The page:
At our Loulo-Gounkoto mining complex in Mali, the Malian National Laboratory of Water independently tests water sources including groundwater, and the results are presented and discussed with the local community in a town hall style forum. These sessions help local communities to understand our programmes at the mine and helps build the trust critical to our social license to operate.

North Mara

When Barrick assumed operational control of North Mara gold mine in Tanzania in September 2019, we engaged with the authorities to develop solutions to address NEMC’s some associated with community borehole water quality (not sure if this is worded correctly). The first steps taken included conducting a hydro-census of 15 community boreholes around the mine. Results from these studies showed that water quality met Tanzanian water quality standards and water levels at community boreholes are within 10 metres of surface and accessible to communities.

Rights to access to clean and safe drinking water and sanitation

At Barrick the steady, reliable, and secure access to water is crucial to the effective operation of our mines. Access to clean and safe drinking water and sanitation is also a fundamental human right of our neighboring communities and stakeholders.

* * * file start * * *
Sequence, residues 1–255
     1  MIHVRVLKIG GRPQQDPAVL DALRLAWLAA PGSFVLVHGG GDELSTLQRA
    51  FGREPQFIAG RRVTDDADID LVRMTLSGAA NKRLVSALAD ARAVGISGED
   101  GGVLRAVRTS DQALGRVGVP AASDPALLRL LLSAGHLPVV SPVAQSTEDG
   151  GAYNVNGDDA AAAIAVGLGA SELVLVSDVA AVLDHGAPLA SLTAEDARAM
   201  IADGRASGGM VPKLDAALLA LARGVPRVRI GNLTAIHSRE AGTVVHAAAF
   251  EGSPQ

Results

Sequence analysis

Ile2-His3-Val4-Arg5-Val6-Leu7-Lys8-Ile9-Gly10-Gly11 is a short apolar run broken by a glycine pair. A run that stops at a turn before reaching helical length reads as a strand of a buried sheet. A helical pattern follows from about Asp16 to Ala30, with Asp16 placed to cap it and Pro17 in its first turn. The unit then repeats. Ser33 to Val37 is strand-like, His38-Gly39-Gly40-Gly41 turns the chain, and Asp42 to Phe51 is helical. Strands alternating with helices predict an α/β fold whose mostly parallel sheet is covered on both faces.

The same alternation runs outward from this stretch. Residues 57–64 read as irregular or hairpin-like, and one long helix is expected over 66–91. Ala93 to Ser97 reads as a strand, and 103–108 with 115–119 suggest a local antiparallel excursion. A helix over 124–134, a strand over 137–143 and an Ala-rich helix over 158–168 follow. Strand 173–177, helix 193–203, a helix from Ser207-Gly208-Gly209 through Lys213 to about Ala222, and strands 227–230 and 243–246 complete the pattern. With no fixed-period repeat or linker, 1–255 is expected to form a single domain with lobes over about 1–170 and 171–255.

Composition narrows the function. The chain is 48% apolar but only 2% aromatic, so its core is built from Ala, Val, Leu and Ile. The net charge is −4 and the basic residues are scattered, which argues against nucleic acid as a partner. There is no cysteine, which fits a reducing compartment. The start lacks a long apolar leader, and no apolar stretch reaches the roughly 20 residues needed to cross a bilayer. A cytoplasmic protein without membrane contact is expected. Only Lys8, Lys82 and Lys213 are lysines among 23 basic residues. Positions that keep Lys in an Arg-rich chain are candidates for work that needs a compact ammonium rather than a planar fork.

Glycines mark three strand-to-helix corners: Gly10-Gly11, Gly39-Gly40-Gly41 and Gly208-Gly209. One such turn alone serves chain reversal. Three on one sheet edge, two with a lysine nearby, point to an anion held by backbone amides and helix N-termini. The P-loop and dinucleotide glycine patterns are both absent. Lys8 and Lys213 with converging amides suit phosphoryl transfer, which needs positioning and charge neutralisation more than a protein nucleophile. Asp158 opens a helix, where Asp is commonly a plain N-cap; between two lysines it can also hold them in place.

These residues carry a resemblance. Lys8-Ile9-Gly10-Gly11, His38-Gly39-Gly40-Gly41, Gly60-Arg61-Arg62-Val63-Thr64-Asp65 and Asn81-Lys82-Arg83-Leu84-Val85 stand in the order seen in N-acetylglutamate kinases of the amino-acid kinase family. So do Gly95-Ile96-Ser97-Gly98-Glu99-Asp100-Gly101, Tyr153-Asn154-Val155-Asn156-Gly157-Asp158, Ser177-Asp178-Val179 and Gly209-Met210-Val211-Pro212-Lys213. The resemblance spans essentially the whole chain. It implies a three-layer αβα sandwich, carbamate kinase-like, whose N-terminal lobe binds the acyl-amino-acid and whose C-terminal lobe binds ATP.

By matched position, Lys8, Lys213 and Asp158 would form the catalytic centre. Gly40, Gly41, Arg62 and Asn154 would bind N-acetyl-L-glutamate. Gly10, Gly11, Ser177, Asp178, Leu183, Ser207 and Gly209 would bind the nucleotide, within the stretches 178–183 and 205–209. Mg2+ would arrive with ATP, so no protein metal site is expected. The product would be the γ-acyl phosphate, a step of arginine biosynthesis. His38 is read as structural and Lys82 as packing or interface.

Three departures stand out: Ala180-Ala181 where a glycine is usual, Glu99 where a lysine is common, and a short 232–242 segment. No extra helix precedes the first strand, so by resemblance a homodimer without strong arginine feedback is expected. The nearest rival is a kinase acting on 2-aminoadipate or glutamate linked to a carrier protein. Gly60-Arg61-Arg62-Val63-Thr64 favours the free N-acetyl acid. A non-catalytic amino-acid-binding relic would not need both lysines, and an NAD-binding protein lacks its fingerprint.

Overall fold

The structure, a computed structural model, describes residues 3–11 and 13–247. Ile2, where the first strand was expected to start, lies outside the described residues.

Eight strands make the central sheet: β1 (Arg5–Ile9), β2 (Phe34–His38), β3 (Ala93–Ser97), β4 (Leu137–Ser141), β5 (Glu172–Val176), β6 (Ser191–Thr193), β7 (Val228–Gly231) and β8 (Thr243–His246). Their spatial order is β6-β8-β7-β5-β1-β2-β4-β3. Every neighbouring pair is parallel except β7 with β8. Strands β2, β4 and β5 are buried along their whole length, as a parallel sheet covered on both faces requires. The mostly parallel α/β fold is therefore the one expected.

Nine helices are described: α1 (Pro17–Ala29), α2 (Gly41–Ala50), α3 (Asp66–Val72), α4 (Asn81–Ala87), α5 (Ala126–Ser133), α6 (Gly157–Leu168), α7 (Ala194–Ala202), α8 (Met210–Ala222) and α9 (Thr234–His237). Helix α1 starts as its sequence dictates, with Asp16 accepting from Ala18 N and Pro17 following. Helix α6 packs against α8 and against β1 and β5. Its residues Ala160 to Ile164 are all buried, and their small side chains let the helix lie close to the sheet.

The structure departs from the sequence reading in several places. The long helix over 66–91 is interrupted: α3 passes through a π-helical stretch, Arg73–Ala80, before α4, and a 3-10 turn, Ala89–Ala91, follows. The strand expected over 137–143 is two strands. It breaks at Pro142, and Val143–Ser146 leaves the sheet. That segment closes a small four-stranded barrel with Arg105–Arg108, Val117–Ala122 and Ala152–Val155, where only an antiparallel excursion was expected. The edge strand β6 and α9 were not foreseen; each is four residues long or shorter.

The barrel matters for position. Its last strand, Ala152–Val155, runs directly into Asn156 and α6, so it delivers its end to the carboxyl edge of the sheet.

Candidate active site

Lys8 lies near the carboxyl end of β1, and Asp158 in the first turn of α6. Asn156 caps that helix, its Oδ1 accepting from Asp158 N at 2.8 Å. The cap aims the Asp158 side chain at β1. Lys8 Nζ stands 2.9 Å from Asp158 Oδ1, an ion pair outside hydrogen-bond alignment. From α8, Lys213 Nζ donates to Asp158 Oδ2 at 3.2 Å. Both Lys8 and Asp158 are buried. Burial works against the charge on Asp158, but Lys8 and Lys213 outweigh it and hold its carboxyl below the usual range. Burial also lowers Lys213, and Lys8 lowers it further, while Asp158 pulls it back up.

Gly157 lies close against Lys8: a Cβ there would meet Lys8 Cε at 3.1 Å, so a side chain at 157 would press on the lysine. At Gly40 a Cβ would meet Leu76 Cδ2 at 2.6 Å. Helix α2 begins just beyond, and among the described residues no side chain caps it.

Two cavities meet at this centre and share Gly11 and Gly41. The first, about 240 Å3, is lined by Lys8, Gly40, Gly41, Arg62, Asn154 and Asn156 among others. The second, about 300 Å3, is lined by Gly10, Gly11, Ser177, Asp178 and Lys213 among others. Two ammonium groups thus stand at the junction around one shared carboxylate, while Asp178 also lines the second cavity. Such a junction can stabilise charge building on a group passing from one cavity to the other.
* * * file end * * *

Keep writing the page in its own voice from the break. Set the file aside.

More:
The access to clean water is one of Barrick’s five key development themes for projects and investment. Ensuring access to Groundwater for our communities is a sustainable solution.

Barrick’s Environmental Policy commits to minimize our use of water, control and manage our impacts on water quality and engage with stakeholders including local communities to ensure sustainable management of water resources for the benefit of all local users.

Barrick recognizes that water is a vital resource shared with the communities in which we operate. We work hard to effectively manage our water use, and have also identified access to water as one of the filters for our community investments. It is estimated that 600 million people globally still lack adequate and reliable access to enough clean water to meet their drinking, cooking and hygiene needs. The World Bank estimates that poor water and sanitation supply, costs developing countries as much as $260 billion annually or approximately 1.5% of their GDP. That is why improving access to clean water is one of our community development investment filters and access to groundwater for our communities is key to this initiative.